Financial News

Robot Advisers Need A Human Touch, Says Regulator

Financial experts are looking at automated robot advisers with suspicion and claim losing the human touch opens consumers to making risky decisions.

Financial companies like robo-advice because it is cheap.

IFAs are not so keen because they charge a client around £1,000 for pension advice, but a robo-adviser fee for the same review is about £200.

At a conference discussing the role of robo-advisers organised by the Personal Finance Society, a Financial Conduct Authority (FCA) regulator responsible for advice standards has suggested removing human professionals could be bad for consumers.

The Personal Finance Society represents the interests of 35,000 qualified financial advisers.

Robo-advice risks

At the conference, the FCA’s Ed Smith explained automatic advice could help thousands of savers and investors who cannot afford to consult an IFA – but the option comes with a set of risks.

“Four things about robo-advice worry us as financial regulators,” said Smith.

He listed the causes of concern as:

  • Misunderstandings over financial reports given by robo-advisers
  • Consumers not taking to the notion of robo-advice
  • Consumers with too little cash opting for robo-advice rather than seeing an IFA
  • Consumers suffering from behavioural biases

“Human advisers can see their clients and can make sure they do not get into financial problems at face to face meetings,” said Smith.

“This filtering of unsuitable clients is an important part of the advice process.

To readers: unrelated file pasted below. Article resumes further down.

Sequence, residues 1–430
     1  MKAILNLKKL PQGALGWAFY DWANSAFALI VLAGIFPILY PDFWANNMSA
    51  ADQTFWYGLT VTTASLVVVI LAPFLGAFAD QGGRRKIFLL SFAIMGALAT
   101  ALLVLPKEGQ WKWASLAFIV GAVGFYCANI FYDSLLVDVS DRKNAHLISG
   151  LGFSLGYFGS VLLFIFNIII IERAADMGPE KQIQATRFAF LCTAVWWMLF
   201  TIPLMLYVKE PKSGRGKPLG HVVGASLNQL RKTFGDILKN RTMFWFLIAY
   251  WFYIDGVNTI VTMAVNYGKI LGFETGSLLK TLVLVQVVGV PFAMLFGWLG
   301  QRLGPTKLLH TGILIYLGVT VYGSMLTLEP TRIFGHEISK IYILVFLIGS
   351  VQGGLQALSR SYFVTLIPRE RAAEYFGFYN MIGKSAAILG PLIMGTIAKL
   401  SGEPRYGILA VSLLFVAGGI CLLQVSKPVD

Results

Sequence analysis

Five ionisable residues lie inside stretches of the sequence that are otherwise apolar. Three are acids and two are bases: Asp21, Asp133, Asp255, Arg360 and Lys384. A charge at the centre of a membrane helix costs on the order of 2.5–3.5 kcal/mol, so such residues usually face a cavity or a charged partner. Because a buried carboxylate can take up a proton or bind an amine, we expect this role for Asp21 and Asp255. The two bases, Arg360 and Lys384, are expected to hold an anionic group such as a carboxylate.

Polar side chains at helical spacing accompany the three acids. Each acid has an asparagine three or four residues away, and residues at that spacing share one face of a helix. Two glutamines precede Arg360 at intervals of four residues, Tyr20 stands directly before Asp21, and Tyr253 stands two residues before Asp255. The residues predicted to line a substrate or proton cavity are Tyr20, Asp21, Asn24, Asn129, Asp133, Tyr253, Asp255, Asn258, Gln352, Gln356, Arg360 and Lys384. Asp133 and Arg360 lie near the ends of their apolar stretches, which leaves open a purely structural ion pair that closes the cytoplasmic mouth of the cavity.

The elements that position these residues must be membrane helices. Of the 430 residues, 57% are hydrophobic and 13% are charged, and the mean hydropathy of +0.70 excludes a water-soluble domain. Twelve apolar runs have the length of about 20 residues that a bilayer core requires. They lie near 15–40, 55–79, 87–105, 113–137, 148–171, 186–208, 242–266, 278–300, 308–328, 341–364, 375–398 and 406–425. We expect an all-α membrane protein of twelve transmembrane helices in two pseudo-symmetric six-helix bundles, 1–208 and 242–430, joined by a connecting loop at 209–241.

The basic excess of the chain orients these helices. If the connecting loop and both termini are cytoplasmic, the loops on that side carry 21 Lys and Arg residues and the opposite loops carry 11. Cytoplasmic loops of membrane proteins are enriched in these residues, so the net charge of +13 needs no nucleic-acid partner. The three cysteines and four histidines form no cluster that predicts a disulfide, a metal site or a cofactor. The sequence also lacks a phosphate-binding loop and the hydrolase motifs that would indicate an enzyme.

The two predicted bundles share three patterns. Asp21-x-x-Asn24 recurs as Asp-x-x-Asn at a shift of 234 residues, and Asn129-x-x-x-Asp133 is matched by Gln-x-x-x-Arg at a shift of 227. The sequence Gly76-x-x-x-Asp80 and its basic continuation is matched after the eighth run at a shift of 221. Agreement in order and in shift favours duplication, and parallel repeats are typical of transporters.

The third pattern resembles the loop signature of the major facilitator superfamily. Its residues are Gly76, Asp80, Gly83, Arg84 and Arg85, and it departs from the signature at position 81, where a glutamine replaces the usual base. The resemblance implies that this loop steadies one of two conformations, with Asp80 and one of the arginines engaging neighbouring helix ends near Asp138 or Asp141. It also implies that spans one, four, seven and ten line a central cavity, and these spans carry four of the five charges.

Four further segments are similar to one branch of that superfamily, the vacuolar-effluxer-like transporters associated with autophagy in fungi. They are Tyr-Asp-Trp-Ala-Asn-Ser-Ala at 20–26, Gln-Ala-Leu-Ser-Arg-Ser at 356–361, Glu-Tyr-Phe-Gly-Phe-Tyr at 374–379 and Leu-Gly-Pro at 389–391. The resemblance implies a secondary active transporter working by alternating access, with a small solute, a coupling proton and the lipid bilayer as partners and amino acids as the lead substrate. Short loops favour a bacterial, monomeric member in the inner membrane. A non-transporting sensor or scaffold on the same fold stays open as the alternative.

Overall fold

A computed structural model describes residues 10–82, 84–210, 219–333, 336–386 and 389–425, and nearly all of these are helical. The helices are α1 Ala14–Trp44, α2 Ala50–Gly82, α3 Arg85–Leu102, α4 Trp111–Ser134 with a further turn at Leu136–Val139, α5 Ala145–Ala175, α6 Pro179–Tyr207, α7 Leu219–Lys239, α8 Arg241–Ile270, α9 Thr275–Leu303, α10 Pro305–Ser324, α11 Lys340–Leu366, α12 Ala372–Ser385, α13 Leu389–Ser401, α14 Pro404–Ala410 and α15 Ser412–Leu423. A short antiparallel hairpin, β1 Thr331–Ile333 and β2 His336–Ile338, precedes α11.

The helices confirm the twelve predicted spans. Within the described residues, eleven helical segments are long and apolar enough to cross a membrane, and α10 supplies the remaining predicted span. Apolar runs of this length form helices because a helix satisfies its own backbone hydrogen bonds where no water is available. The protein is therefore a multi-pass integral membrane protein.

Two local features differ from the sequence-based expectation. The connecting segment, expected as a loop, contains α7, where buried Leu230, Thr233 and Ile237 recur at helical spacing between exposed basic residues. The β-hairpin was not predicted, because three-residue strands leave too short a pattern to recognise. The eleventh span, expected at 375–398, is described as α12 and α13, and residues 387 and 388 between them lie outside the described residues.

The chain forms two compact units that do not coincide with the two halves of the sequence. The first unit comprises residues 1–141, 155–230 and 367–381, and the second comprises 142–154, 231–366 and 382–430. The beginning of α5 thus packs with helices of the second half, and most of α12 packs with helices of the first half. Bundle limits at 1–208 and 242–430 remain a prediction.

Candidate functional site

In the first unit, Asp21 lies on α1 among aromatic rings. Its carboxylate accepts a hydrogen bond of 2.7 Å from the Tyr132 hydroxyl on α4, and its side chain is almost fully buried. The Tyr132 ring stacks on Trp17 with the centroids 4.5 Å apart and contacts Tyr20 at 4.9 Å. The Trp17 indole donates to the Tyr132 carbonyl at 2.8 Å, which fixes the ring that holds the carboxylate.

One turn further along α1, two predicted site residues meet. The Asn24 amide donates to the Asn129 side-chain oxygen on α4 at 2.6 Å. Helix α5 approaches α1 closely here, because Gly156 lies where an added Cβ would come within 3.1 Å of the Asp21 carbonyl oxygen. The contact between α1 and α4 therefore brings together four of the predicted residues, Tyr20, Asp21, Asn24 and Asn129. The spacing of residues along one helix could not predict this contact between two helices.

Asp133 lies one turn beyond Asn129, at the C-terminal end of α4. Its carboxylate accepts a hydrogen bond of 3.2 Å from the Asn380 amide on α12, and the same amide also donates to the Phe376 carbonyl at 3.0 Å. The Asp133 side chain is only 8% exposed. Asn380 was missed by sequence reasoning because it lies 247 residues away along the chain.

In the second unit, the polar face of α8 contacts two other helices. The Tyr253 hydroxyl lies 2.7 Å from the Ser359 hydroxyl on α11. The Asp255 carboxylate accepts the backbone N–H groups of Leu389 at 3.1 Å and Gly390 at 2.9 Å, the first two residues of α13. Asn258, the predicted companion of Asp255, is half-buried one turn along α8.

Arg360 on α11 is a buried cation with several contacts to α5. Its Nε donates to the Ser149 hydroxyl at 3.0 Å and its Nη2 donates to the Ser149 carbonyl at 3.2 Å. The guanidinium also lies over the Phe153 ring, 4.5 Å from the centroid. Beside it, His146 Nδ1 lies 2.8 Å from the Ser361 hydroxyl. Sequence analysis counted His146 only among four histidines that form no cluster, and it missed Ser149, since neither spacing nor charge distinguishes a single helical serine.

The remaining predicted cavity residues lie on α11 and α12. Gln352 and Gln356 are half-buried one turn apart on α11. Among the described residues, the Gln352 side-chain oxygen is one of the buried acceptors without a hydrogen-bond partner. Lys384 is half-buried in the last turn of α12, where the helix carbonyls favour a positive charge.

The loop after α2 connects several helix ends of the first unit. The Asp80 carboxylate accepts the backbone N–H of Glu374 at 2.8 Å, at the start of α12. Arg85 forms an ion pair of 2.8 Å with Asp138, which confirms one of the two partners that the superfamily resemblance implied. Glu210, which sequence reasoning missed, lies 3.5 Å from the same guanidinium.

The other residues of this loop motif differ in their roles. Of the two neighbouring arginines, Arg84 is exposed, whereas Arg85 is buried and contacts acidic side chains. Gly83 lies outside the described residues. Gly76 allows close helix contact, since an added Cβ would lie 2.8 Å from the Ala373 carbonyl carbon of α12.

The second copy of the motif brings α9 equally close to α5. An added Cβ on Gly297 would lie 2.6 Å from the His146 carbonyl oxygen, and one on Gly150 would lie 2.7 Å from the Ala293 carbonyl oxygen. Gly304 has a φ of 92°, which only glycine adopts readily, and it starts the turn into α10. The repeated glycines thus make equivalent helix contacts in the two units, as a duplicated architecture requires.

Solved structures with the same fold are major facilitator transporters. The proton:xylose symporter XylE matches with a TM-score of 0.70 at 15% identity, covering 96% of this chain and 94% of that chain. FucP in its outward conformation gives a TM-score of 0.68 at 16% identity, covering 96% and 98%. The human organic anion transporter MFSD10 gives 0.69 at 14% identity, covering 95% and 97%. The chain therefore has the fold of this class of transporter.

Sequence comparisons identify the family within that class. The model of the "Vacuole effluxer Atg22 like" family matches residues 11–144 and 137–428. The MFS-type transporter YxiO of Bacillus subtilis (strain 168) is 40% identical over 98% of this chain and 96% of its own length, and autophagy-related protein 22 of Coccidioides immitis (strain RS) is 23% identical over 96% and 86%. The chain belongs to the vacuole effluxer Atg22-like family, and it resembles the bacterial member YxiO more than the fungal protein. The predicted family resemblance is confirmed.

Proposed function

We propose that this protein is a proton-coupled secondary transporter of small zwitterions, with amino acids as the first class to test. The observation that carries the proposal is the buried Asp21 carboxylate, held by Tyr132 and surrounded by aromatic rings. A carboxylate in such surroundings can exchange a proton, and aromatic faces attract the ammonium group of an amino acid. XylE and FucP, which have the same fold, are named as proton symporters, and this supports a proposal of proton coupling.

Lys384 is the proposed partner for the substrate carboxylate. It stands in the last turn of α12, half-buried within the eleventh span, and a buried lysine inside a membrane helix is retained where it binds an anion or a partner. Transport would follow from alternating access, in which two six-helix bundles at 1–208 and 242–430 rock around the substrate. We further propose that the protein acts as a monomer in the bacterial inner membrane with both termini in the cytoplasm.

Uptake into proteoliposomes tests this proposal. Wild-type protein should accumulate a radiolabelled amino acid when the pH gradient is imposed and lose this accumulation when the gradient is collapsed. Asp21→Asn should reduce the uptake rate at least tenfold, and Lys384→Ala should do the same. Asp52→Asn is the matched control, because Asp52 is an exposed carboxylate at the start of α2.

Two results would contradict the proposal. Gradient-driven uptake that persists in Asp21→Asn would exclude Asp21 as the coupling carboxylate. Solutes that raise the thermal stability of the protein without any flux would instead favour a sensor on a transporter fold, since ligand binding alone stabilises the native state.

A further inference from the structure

Advisers are perturbed

“We also need to look at the questions a robo-adviser asks to make sure they are not loaded and lead consumers in an inappropriate direction.”

Smith did confirm the FCA agreed in principle with robo-advice because regulators could work through the algorithm and understand how advice was applied to a consumer’s circumstances.

“Robo advice is cheap and convenient for companies and consumers,” said Smith. “This is a development that could bring good financial advice to those who could not otherwise have afforded to take it.”

IFAs commenting on robo-advice fear that they will have to pay more as a levy for misselling to regulators if robo-advice makes inroads in the UK.

“Robo-advice is just one of several digital services the industry is looking at to help customers,” said a Personal Finance Society spokesman.

“Some firms are greeting this with open arms while others are certainly perturbed.”

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